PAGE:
I’ve been following the Docker project for some time now, and finally decided to start playing with it on my own server.
What is Docker?
Docker is designed with the analogy of shipping containers in mind. The shipping industry has long been utilizing standard containers. They have very specific dimensions, doors, functions and so on. So packaging and transport is very fast and easy to do, whatever is inside the container.
The Docker team basically wanted the same for software development. An easy way to package applications and services, so it could be shipped and deployed anywhere.
Docker uses linux containers (LXC) to let you run programs in isolation from your system, just like virtualization does, but without the overhead of emulating a whole computer and OS. Instead, the containers uses the host’s kernel but has it’s own libraries and filesystem. Much faster and smaller in size.
This means that you can put your applications, with all their dependencies, inside containers. You can run this on your laptop while developing, send containers to your friends and let them test your application (no need for them to customize their systems for your app to work). When you feel your application work the way you want, you know it also work fine in production, just upload your container and run it!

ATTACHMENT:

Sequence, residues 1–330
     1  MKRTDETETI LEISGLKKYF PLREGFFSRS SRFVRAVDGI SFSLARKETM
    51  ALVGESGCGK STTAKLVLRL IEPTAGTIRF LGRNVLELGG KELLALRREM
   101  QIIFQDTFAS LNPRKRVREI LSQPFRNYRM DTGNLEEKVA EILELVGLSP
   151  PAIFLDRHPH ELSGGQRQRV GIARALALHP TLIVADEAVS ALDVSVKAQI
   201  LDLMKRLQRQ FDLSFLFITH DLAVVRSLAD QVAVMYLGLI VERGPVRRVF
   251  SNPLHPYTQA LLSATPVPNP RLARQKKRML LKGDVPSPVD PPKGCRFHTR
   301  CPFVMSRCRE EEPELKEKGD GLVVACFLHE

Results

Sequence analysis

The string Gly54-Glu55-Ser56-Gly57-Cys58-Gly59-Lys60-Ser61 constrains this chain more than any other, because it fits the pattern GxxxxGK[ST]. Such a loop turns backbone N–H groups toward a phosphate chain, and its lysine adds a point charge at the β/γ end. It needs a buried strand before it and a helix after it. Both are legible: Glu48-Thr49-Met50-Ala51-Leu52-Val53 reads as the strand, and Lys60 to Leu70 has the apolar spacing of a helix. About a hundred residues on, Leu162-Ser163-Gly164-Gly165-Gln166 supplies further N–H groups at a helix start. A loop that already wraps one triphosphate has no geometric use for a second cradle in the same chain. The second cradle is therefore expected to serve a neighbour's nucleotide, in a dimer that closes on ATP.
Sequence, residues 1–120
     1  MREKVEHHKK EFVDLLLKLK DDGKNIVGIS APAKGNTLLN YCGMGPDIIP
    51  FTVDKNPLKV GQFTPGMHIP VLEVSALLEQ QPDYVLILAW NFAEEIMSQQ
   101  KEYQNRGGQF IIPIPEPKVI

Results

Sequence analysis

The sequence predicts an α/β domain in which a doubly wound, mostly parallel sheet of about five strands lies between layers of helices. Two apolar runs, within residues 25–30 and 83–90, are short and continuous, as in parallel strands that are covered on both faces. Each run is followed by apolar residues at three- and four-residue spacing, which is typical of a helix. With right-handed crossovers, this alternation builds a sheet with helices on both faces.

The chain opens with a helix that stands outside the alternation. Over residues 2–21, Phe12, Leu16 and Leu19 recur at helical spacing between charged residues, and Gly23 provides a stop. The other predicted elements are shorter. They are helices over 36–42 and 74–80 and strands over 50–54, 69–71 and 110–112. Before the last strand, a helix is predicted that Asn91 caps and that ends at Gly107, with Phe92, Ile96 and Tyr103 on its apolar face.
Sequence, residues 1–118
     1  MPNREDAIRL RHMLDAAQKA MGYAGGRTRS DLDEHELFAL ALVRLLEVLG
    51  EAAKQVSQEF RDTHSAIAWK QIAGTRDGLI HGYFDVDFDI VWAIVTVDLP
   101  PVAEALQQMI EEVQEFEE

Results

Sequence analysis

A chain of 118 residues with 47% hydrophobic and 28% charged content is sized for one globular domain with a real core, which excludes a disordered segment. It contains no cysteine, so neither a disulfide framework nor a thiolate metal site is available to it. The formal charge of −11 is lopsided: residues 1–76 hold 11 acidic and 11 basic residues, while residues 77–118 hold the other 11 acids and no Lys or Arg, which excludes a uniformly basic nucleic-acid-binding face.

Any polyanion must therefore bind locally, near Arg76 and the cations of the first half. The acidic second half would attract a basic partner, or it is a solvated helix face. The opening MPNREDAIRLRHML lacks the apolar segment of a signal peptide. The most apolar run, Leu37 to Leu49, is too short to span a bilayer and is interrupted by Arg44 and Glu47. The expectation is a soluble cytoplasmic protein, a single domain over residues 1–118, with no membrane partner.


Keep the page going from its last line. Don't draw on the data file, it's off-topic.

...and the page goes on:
I get goosebumps just thinking about this. With proper backup of data and containers, it would take me like 10 minutes (plus time uploading/downloading) to redeploy all my stuff on another server on the other side of the planet. Not to mention how faster and easier it is to develop my applications/services on my laptop without the hassle of thinking about missing dependencies and conflicting libraries.
Dockerizing this blog
Let me use this blog as an example. It is just static files created by a bash script I hacked together a while ago, so all it needs is a web server.
On hub.docker.com there is a registry of uploaded Docker images. Images are like blueprints used by your containers. I found a simple nginx image and used that to serve my blog.
Containers are immutable and isolated, so if you want to preserve anything or access something external, you can mount up a volume in the container. This is what I did with the nginx container, so it could access my webpage files.
This is how I run this blog (simplified version of
docker run \ --name blog_atmoz_web \ --restart=on-failure:10 \ -v /sites/blog.atmoz.net/http:/usr/share/nginx/html:ro \ -e VIRTUAL_HOST=blog.atmoz.net \ -d $@ nginx
docker run is called to start a container using
nginx as image (last
parameter). I give my container a name, a restart policy (so my webpage survive
reboot), mountpoint for my static files and an environment variable telling my
proxy to use this container for incoming requests to blog.atmoz.net.
$@ allows me to include additional parameters when developing on my laptop.
Usually I add
-p 80:80 so I can access my blog via localhost.
This was exactly the commands I used to deploy my blog for the first time:
cd /sites git clone https://github.com/atmoz/blog.atmoz.net.git blog.atmoz.net/run-docker
Say hello to goosebumps (if you are a nerd)! :-)
Well, That’s all for now. I’m still learning a lot about Docker, and recommend you do too. If I learn something cool I will write some more later.